4.Expectations

When people expect that the value of something will rise, they demand more of it. For example, Housing prices rose but people bought more because they expected the price to continue to go up. Prices increased even more until the bubble burst.

5.Number of buyers in the market

The number of consumers affects overall, or “aggregate”, demand. As more buyers enter the market, demand rises. That’s true even if prices don’t change.

6.Taste

When the public’s desires, emotions, or preferences change in favour of a product, so does the quantity demanded. Likewise, when tastes go against it, that depresses the amount demanded. Brand advertising tries to increase the desire for Consumer goods.

7.Price of related goods or services

The price of complementary goods or services raises the cost of using the product you demand, so you will want less. For example, when petrol price increase, the demand for Hummer Jeep fell. Gas is a complementary good to Hummers.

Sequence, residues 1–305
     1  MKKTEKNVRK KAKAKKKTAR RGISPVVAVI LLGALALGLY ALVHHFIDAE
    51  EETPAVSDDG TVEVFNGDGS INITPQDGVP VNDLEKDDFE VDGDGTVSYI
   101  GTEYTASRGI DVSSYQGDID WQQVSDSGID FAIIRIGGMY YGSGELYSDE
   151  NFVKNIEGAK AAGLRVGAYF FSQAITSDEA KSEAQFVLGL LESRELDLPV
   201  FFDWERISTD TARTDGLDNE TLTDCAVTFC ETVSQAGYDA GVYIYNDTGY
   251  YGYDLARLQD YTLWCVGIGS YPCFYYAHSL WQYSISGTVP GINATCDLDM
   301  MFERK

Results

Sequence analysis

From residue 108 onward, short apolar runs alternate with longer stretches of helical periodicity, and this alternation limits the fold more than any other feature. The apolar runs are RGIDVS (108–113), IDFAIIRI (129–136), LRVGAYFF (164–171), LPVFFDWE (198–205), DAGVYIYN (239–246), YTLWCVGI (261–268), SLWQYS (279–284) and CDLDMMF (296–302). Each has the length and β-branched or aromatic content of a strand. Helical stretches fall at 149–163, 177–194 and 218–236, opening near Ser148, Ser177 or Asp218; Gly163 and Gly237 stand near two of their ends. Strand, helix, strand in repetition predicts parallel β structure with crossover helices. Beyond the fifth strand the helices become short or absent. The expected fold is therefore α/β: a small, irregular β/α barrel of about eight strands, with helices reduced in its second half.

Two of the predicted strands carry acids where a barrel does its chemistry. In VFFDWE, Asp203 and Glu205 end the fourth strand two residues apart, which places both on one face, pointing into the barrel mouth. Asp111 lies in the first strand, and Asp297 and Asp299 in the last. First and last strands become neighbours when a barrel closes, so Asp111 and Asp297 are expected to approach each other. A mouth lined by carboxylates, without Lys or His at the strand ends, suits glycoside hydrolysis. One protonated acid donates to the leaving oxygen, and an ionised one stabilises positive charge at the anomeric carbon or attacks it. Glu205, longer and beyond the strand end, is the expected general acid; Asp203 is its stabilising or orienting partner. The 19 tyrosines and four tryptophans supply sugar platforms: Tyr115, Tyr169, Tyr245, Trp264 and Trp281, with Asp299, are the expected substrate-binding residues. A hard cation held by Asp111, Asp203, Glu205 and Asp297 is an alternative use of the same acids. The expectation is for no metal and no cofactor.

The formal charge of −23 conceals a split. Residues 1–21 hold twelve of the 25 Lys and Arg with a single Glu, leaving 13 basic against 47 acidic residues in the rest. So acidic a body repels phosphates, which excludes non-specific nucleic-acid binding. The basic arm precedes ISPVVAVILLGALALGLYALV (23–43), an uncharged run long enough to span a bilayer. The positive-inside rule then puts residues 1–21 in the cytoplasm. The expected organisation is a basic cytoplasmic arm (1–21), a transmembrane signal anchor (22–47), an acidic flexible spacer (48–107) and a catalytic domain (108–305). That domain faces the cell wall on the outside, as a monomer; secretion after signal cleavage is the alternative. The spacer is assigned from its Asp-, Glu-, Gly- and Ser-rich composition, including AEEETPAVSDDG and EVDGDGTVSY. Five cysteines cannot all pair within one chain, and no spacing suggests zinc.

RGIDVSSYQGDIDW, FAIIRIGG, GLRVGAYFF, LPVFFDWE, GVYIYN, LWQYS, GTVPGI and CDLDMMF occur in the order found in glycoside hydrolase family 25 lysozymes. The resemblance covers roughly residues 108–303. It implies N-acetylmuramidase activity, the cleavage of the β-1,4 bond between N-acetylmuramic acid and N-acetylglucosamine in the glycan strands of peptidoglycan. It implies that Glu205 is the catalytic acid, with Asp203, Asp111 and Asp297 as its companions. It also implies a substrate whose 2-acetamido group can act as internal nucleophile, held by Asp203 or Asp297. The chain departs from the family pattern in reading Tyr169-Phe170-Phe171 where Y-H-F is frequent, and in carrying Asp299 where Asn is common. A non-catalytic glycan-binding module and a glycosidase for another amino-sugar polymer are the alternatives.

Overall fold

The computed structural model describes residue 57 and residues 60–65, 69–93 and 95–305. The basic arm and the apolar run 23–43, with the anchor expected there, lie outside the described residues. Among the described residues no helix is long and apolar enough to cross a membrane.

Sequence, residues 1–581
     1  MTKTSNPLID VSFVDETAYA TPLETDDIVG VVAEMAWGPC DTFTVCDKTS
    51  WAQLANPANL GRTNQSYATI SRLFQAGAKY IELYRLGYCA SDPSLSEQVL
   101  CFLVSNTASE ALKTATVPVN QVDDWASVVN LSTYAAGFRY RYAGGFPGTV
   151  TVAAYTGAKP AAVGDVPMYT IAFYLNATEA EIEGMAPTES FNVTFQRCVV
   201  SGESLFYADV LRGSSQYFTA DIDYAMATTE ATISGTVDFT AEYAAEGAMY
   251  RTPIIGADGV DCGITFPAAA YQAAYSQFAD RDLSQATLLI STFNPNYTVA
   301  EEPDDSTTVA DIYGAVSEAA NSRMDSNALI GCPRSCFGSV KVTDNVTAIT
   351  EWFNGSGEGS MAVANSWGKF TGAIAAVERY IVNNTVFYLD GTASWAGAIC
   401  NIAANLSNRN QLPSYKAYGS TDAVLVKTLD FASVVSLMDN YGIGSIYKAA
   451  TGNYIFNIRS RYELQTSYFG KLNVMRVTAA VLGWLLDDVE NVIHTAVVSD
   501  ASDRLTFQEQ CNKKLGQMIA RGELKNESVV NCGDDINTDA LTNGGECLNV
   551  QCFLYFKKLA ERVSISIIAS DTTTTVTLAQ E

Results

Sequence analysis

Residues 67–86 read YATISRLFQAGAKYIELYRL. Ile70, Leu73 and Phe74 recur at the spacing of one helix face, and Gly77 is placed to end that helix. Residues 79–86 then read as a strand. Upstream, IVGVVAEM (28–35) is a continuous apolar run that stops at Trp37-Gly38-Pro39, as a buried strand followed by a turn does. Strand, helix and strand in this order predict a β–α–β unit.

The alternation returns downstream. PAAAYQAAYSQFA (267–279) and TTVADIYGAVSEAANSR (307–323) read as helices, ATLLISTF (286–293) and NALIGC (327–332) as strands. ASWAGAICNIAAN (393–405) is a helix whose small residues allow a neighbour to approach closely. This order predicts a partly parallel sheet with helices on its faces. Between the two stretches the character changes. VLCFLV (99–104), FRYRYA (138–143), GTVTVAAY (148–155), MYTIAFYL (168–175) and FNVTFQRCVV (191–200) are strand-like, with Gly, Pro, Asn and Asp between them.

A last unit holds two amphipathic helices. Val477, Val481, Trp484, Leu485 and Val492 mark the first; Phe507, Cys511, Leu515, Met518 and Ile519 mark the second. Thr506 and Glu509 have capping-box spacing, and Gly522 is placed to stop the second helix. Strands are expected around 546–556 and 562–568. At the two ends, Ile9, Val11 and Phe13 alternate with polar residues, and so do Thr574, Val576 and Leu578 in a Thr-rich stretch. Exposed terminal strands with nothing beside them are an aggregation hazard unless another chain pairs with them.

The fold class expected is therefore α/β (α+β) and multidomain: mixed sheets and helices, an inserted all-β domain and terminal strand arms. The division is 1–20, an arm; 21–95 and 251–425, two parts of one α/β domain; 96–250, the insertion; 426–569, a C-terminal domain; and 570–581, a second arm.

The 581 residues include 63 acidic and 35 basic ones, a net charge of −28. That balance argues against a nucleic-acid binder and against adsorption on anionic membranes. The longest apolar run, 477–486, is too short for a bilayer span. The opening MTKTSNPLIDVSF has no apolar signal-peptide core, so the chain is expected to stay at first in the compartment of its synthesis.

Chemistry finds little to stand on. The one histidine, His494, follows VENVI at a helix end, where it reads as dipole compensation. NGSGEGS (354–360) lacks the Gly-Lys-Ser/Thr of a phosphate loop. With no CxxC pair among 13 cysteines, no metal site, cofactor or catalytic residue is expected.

8.Population

An increase in population in an area will lead to high demand for commodities and vice versa.

9.Government policy

This is a tool in an economy which can either encourage or discourage the consumption of goods and services.

10.Advertisement

A good advertisement for commodity can lead to an increase in demand for it and vice versa.

Philip Obhenimen

Hello world, first I want to thank you for visiting my blog and hope you find the content useful. My name is JOHN PHILIP OBHENIMEN the CEO of poschools.com I am currently studying mechanical engineering in a reputable university. I am very passionate about educating young people on academics,career and skill acquisition. I pray that the Almighty God help assists me in accomplishing the above.